In his Pacific Standard article, “A Sober Utopia,” journalist Will McGrath quotes Fort Lyon rehab center director and co-founder James Ginsburg, on the subject of what can happen to long-term homeless substance abusers who finally get into their own housing.  Rather than using the opportunity to get sober and stay clean, many of them take advantage of their comfort and solitude to get high in peace, often dying in the process.  “Having run Housing First, the thing that really motivated me to open this place was walking in on people dead in their housing,” he said.  McGrath paints us quite a picture of what Ginsburg was talking about.  “These were people who had moved into apartments through his programs.  He found one man with a needle still in his arm.  Another was slumped backwards in a recliner, a lethal cocktail of rubbing alcohol and orange juice at his side.”

Furthermore, among those who do get clean once taken off the streets and placed in housing, the rate of recidivism is high.  So what looks shiny on the outside might be rotten on the inside.  “There’s a little bit of a dirty secret about Housing First,” says Ginsburg, “and that is the addiction part of it.  Housing First will always claim a high retention rate.  That’s after one year.  But if you look, every year it drops, and, after five years, it’s maybe half of what it was.”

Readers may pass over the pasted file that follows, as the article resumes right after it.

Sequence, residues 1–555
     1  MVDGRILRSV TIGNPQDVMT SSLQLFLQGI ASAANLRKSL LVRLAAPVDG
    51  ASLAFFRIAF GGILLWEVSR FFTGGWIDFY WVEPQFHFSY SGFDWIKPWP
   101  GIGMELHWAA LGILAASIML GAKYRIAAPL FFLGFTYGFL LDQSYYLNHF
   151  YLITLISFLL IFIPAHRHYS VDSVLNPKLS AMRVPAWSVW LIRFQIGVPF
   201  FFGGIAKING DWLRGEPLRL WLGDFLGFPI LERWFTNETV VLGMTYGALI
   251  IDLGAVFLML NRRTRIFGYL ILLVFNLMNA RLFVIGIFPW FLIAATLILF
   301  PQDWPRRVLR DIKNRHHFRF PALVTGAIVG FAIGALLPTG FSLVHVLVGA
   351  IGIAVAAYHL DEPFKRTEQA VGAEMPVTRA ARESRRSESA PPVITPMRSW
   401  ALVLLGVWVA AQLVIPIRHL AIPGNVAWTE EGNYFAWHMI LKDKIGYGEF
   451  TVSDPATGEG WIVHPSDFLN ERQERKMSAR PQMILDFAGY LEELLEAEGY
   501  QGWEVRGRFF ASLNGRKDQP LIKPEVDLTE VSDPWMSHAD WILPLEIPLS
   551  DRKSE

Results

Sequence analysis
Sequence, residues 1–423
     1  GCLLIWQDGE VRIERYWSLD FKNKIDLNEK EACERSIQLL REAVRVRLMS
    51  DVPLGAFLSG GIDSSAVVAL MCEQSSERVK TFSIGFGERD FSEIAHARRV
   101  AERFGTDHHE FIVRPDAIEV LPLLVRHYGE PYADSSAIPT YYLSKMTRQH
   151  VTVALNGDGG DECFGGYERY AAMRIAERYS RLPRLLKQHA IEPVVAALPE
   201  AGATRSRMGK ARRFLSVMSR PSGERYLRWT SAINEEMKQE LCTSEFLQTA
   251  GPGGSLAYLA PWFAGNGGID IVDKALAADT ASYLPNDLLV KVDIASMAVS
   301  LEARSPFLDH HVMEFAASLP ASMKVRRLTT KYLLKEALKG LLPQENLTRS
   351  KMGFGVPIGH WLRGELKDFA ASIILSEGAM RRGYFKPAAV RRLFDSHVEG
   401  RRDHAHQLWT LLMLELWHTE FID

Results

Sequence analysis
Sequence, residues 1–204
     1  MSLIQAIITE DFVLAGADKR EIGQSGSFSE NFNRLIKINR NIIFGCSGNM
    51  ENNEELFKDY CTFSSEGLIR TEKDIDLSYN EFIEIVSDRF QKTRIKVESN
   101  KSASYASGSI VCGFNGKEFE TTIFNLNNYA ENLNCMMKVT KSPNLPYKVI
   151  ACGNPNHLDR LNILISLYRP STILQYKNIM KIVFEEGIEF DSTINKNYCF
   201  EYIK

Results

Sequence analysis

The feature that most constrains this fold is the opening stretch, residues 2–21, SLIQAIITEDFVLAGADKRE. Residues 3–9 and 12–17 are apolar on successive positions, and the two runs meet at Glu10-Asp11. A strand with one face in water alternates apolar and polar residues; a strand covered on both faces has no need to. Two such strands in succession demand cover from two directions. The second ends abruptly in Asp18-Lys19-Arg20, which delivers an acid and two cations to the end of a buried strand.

But the other article I read about Fort Lyon, written by Alan Prendergast in Westword, points out that even those who agree to enter such a program may suffer the same fate as those who go directly into supportive housing, particularly as months and years go by following “graduation.”   The article quotes Colorado Senator Pat Steadman on the issue:  “One of the big challenges is that nobody has agreed upon the definition of success for Fort Lyon.  What they’ve been giving us is these metrics about how many people met their goals.  Well, what are their goals?  If they met a goal of two months’ sobriety, are they better off today?”